Since the creation of the Internet, smartphones, and cable television, the nature of journalism has changed drastically. For newspapers, this means people are not relying on them as a sole source of information anymore. Although the Internet is forcing papers out of business and costing people their jobs, it poses a challenge for journalists to step up their game and come up with new ways to tell a story.
On Wednesday, September 28th, we lost one more print newspaper: the Pittsburgh Tribune-Review. This closure now makes Pittsburgh another one-paper city. Trib Total Media announced that it would stop publishing print editions of the Pittsburgh Tribune-Review, Pittsburgh’s second largest daily newspaper.
According to the Pittsburgh Post-Gazette, the remaining newspaper in Pittsburgh, this decision resulted in laying-off 106 people and was the final step in budget cuts that have been happening during the past year. They are consolidating all of their content to an online format.
The Tribune-Review is just one of many newspapers that have stopped print production. The Independent did as well, while the Tampa Tribune was bought out by its rival, and the Baltimore Examiner and Cincinnati Post closed for good. Regardless of its current status, each ended its printing following the internet revolution.
There is a blog online called the Newspaper Death Watch, that has a running list of newspapers going out of business. On the website, it says they are, “Chronicling the Decline of Newspapers and the Rebirth of Journalism.” It all sounds dramatic, but the research shows that they are not that far off.
The New York Times released a graphic in 2011 visually comparing the circulation numbers of papers across the country. And with each paper, they showed the net percentage change in circulations and represented that change with a color gradient. Almost all of the papers, with the exception of a few, have decreased their circulation numbers. It’s clear that the graphic would be listing many more newspapers in the red today.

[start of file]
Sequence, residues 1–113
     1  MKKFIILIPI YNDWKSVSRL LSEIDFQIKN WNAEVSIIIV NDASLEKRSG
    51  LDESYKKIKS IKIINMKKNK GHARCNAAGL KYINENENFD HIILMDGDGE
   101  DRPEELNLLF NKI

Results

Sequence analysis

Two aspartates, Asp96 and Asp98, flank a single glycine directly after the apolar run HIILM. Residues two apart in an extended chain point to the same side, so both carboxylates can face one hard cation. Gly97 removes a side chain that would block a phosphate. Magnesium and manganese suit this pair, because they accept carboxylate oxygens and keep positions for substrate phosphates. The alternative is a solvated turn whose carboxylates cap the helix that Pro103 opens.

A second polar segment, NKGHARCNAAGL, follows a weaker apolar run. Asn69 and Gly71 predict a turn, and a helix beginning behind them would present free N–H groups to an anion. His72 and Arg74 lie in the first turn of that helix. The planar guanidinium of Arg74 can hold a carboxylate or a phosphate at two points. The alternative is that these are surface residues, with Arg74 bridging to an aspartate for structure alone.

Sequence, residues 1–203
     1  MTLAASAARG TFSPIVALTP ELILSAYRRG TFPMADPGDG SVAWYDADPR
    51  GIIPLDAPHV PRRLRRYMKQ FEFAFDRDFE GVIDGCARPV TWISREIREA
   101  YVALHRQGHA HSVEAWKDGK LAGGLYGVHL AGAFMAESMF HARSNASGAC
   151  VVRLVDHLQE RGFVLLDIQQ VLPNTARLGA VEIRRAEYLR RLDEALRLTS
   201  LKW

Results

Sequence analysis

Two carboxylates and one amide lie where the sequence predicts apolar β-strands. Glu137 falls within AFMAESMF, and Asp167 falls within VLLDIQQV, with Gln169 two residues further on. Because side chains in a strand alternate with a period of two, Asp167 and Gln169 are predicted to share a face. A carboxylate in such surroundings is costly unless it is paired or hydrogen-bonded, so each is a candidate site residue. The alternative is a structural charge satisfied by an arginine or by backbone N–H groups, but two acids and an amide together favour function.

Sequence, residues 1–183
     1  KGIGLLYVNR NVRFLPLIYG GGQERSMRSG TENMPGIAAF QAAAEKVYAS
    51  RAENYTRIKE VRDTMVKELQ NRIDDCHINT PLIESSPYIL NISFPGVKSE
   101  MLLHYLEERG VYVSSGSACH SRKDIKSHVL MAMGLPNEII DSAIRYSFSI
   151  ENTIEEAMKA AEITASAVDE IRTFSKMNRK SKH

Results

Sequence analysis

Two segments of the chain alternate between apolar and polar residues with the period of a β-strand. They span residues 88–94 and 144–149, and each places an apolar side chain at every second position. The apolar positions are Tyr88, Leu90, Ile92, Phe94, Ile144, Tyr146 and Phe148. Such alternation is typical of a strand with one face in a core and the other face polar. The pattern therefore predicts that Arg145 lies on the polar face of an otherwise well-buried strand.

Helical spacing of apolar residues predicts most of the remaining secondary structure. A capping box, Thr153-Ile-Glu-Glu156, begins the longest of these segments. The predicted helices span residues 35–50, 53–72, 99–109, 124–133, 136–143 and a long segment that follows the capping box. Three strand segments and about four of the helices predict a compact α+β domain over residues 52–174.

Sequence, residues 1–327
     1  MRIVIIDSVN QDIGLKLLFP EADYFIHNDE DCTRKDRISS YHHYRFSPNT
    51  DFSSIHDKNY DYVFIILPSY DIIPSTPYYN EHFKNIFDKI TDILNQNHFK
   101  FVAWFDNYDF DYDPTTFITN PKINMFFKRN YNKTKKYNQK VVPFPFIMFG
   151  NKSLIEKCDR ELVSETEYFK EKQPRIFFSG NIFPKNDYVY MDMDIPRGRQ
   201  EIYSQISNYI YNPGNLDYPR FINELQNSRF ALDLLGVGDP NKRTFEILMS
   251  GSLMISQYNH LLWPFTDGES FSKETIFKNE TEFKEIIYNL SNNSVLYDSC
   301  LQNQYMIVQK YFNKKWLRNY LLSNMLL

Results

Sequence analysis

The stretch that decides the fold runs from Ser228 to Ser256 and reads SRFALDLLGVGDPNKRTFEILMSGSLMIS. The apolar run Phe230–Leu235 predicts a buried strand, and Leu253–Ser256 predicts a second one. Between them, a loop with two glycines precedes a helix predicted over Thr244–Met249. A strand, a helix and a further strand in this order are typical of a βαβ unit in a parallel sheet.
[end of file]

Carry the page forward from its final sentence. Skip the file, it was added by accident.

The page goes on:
Pew Research Center found that since 2004, there are one hundred fewer daily newspapers, newsroom employment is on a steady decline from 2007 (it went from 52,600 employees to 32,900 employees) and newspaper circulation has declined for a second consecutive year.
And on top of that, Gallup just released a poll saying that American trust in the media is at an all time low. Only 32 percent of Americans say they have “a great deal” of trust in the media.
But there might still be hope for newspapers. In the same study, Pew also found that the most popular way of reading a newspaper among readers is still print only.
But what does this all mean for an aspiring journalist? That there will be no jobs available for me out of college? That people do not trust the media anyway, so why bother? That the entire industry will change so much in the next two years, it will not be recognizable?
Yes, the industry and the audience is changing and I am not the first to acknowledge that. There is so much stimulation with television and the Internet that it has become increasingly difficult to get people interested in the news. I see this all as a challenge to future journalists and news organizations to find new mediums to tell stories–and many news organizations have already done that.
Vox has developed a platform that explains the news without having to read all the articles leading up to it and following it religiously. This directly addresses the issue that people do not have a lot of time to read the news. Vox makes it so you could read one article and understand the entire issue.
Right now, I open up Snapchat and CNN, the Wall Street Journal, ESPN and BuzzFeed all have a Snapchat with different stories that they have curated and produced specifically for people on Snapchat. They keep people interested because of their interactiveness and visual nature.
All of the news outlets now have their own Twitter accounts and are constantly tweeting breaking news so people can see it instantly. Because of the Internet, the news cycle is constant and Twitter caters perfectly to that constant nature. The goal of news organizations is to keep people engaged and reading – and the Internet had helped that.
Although the newspaper business is not as booming as it once was, its shortcomings have forced journalists to think outside of the box and to find new ways to inform and captivate audiences. This is an opportunity for young journalists to get creative with technology and take advantage of everything that it has to offer.